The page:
Thursday, February 25, 2010
DO U KNOW RUKMAMMAPET KOHINOOR WAS FOUND THERE FIRST
MAHABBOBNAGAR was formerly known as "Rukmammapeta" and "Palamooru". The name was changed to Mahabubnagar on 4th December 1890, in honour of Mir Mahbub Ali Khan Asaf Jah VI, the Nizam of Hyderabad (1869-1911 AD). It has been the headquarters of the district since 1883 AD. The Mahabubnagar region was once known as Cholawadi or the land of the Cholas'. It is said that the famous Golconda diamonds including famous "KOHINOOR" diamond came from Mahabubnagar district.
Lithograph showing one of the favourite horses of Maharaja Ranjit Singh with the head officer of his stables and his collection of fabulous jewels including the Kohinoor diamond marked as number 1
Historical evidence suggests that the Kohinoor originated in the Kakatiya kingdom, in the Indian state of Andhra Pradesh, one of the world's earliest diamond producing regions. This region was the only known source for diamonds until 1730 when diamonds were discovered in Brazil. The term "Golconda" diamond has come to define diamonds of the finest white color, clarity and transparency. They are very rare and highly sought after.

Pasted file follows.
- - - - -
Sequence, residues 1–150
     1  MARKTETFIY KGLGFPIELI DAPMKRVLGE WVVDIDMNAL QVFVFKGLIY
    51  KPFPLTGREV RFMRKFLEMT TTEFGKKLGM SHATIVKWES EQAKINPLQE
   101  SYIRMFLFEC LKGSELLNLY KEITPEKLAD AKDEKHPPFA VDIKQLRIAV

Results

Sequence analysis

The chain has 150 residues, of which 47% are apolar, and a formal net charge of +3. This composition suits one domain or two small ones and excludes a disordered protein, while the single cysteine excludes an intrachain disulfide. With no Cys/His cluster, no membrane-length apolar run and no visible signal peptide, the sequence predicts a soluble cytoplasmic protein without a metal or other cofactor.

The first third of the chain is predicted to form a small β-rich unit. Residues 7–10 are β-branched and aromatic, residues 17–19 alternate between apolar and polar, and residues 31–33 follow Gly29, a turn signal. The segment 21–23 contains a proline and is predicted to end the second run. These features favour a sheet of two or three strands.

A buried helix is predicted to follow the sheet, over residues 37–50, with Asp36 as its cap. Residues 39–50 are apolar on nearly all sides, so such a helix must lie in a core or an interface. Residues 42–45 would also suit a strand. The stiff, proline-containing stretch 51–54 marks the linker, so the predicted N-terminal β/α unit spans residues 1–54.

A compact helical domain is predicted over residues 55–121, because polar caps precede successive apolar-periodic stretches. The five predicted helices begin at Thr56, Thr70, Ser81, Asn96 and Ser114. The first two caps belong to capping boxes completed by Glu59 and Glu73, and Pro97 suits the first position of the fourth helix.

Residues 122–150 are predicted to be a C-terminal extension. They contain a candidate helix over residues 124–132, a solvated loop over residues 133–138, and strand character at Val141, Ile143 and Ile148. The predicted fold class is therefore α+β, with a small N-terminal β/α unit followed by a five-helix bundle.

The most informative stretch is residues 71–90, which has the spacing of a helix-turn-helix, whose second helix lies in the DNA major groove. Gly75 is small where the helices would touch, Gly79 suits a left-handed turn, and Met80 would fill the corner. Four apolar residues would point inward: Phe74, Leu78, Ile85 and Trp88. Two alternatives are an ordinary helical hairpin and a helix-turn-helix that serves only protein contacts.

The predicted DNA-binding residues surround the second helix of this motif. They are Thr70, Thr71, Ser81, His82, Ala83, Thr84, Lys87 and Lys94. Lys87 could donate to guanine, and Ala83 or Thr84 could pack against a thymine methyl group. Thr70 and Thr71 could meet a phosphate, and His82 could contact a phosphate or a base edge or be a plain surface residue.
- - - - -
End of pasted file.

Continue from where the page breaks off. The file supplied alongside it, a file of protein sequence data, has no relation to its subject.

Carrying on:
Some say that diamond was mined in the Kollur mines near the village Paritala in the present day Guntur district of Andhra Pradesh.AS GOES THE KOHINOOR CONTROVARSY FOR EVER The diamond became the property of Kakatiya kings. The Khilji dynasty at Delhi ended in 1320 A.D. and Ghiyas ud din Tughluq Shah I ascended the Delhi throne. Tughlaq sent his commander Ulugh Khan in 1323 to defeat the Kakatiya king Prataparudra. Ulugh Khan’s raid was repulsed but he returned in a month with a larger and determined army. The unprepared army of Kakatiya was defeated. The loot, plunder and destruction of Orugallu (present day Warangal), the capital of Kakatiya Kingdom, continued for months. Loads of gold, diamonds, pearls and ivory were carried away to Delhi on elephants, horses and camels. The Koh-i-noor diamond was part of the bounty.From then onwards, the stone passed through the hands of successive rulers of the Delhi sultanate, finally passing to Babur, the first Mughal emperor, in 1526.